The Bigger Story

The ideas and viewpoints expressed in the posts on the Ideas and Creations blog are solely the view of the author(s). Luther College's mission statement calls us to "embrace diversity and challenge one another to learn in community," and to be "enlivened and transformed by encounters with one another, by the exchange of ideas, and by the life of faith and learning." Alumni, faculty, staff, students and friends of the college are encouraged to express their views, model "good disagreement" and engage in respectful dialogue.

A few weeks ago, Professor Jeff Dintaman wrote about the creative ways Luther’s theater classes have been adapting, actively finding new paths forward in spite of obstacles presented by the pandemic. That piece had special resonance for me. My background as an actor and director leads me to frame just about everything in theatrical and storytelling terms, even now in my role as director of campus programming.

Challenges with Gathering

Campus Programming is at the heart of how we gather at Luther College, from Center Stage Series performances and the Distinguished Lecturer Series, to panels, pop-ups, and campus-wide celebrations like Convocation and Commencement. 

But when gathering itself is the obstacle, how do we move forward? And once we’ve made peace with the idea of virtual gatherings, how do we find meaning in an event when the elements we value most are gone? Sitting shoulder to shoulder with friends and strangers, realizing you’re breathing in tandem with a musician on stage, feeling a laugh build and ripple across the hall—all the things that remind us, in real time, that we are in this together.

Asking Questions

In late March, when we realized that Commencement would need to be virtual, there was a period of flailing. (Wasn’t there everywhere?) Commencement is one of our most cherished and anticipated gatherings. How could we honor our graduates, fortify and send them off, without our familiar rituals of processions, handshakes, and hugs?

I found myself returning to what I know from theater.

An actor understands a scene by asking questions: What do I want? What’s in my way? What am I going to do about it? A director understands a play by asking bigger questions: What is this story about? Why are we telling it? Both the actor and the director know that a story moves forward through actions. If we dwell on the obstacles, it stagnates.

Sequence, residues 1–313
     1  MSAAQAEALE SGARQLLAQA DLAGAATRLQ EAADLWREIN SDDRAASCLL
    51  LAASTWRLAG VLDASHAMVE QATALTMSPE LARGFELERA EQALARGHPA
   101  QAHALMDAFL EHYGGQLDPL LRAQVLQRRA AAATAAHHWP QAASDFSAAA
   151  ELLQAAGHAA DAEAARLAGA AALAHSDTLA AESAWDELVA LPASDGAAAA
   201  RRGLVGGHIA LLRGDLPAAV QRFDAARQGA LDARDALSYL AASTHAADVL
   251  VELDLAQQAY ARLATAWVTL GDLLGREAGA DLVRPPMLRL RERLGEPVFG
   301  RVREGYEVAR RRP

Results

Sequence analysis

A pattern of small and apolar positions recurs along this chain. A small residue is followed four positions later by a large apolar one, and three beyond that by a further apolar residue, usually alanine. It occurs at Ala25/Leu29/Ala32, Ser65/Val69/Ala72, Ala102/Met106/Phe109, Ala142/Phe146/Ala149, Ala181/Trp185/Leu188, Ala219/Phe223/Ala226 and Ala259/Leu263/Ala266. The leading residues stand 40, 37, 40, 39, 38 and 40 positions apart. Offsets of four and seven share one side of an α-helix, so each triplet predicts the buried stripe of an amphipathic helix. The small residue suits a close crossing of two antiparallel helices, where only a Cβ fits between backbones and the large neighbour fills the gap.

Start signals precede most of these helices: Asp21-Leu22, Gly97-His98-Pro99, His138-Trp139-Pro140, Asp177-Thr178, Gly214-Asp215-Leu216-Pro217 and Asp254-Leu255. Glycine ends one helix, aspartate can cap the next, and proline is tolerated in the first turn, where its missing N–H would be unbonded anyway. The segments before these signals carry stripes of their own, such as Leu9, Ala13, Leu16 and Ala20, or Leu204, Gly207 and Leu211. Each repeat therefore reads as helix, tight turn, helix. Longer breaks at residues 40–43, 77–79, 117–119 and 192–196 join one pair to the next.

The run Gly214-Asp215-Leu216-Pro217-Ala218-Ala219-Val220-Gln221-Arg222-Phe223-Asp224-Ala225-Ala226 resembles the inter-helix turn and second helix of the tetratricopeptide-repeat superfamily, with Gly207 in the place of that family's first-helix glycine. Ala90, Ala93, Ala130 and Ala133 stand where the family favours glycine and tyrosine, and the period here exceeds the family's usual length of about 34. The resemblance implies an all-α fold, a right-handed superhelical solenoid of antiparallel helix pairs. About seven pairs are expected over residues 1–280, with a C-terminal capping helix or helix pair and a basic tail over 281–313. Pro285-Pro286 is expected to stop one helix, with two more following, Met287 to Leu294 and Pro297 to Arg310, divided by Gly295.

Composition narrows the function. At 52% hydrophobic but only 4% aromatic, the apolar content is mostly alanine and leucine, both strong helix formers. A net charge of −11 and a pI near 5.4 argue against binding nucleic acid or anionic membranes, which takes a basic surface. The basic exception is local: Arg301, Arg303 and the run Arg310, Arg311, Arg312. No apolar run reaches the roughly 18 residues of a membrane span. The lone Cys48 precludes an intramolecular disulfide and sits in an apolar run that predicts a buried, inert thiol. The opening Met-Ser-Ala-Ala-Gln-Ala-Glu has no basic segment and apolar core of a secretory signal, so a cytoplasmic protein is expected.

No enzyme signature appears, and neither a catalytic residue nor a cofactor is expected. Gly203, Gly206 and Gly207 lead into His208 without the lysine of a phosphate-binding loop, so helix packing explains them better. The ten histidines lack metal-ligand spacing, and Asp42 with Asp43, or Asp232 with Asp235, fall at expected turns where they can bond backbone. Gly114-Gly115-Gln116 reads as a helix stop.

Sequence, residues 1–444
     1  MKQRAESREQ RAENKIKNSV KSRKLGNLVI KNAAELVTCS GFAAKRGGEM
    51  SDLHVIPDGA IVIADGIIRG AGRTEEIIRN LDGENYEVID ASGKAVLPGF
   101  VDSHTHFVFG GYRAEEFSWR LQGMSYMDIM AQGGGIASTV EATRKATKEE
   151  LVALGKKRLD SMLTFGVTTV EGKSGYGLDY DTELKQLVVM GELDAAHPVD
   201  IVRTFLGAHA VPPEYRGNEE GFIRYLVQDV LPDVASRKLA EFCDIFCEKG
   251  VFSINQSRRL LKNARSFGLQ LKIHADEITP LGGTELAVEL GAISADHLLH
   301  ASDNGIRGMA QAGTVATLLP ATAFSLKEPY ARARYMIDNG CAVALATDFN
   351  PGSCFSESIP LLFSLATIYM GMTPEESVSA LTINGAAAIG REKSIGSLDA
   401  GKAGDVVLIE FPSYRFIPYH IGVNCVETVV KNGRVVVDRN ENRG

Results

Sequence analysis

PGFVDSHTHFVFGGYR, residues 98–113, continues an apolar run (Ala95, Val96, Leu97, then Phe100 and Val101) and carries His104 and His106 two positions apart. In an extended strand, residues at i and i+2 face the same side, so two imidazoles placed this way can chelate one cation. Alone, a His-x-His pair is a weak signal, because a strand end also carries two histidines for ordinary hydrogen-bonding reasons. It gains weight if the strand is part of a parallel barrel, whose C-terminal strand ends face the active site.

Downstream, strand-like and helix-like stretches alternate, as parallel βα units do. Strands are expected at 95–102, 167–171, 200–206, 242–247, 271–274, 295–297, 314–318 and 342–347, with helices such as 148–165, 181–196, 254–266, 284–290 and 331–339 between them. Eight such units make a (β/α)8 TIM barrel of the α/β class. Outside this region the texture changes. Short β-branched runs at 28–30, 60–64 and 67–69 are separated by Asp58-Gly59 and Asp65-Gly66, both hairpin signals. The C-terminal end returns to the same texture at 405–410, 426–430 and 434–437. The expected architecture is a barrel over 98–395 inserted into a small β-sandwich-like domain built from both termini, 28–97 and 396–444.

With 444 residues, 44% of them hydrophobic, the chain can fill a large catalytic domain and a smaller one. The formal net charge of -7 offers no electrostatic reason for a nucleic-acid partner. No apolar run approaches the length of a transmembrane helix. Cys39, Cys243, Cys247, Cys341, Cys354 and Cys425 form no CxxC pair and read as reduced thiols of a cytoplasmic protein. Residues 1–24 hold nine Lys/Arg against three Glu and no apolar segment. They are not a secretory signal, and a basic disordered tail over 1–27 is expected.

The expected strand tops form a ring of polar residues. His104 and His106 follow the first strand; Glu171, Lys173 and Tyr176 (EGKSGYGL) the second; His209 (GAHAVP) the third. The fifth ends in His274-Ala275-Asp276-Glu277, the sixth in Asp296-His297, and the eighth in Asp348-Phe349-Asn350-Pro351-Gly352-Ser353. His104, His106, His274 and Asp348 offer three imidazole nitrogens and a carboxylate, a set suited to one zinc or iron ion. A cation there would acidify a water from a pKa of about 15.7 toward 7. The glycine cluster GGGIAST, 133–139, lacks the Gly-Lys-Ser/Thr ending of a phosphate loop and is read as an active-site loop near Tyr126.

Creating Meaningful Virtual Experiences

The obstacles seemed enormous, but, after a bit of uncertainty and with a steady eye on the objective, a path forward came into focus. We would create a meaningful Commencement experience by acting on our values. (“What is this story about?”)

We filmed a beautiful procession of flags from our international students’ home countries to express Luther’s commitment to inclusion. We invited an award-winning speaker, not chosen from a roster of famous guests but from the graduating class of 2020, to inspire us with the power and possibility of a Luther education. And, my personal favorite, we created a virtual version of the beloved “sending off” by faculty and staff, to fortify us all with the collective strength that comes from being in community.

A Common Purpose

Since creating Luther’s first virtual Commencement, we’ve celebrated the start of the academic year with Opening Convocation, welcomed faculty and staff in a new version of our traditional Service of Dedication, presented an internationally acclaimed epidemiologist as our Farwell Distinguished Lecturer, and more. None of the events in person, shoulder to shoulder, but drawing us together in a common purpose nevertheless.


Through the spring, summer, fall, and now, heading into winter of this pandemic, there have been many times I’ve wanted to just sit down when the obstacles loomed too large. But I remember that in the face of an obstacle, any movement is forward movement. The blocked path isn’t the whole story. The bigger story is told in the actions we take to move ahead with meaning. Pandemic or no, there are always obstacles. Maybe this time is just a super-charged reminder to keep asking the questions that move us through them.

A virtual version of the "sending forth" by faculty and staff was set to music and served as a finale to Commencement 2020.
Collegiate Chorale is a traditional part of Baccalaureate, which didn't occur in 2020. Instead, we folded them into the Commencement experience.

{ Return to Ideas and Creations for more posts. }

Add a comment

The following fields are not to be filled out. Skip to Submit Button.
(This is here to trap robots. Don't put any text here.)
(This is here to trap robots. Don't put any text here.)
(This is here to trap robots. Don't put any text here.)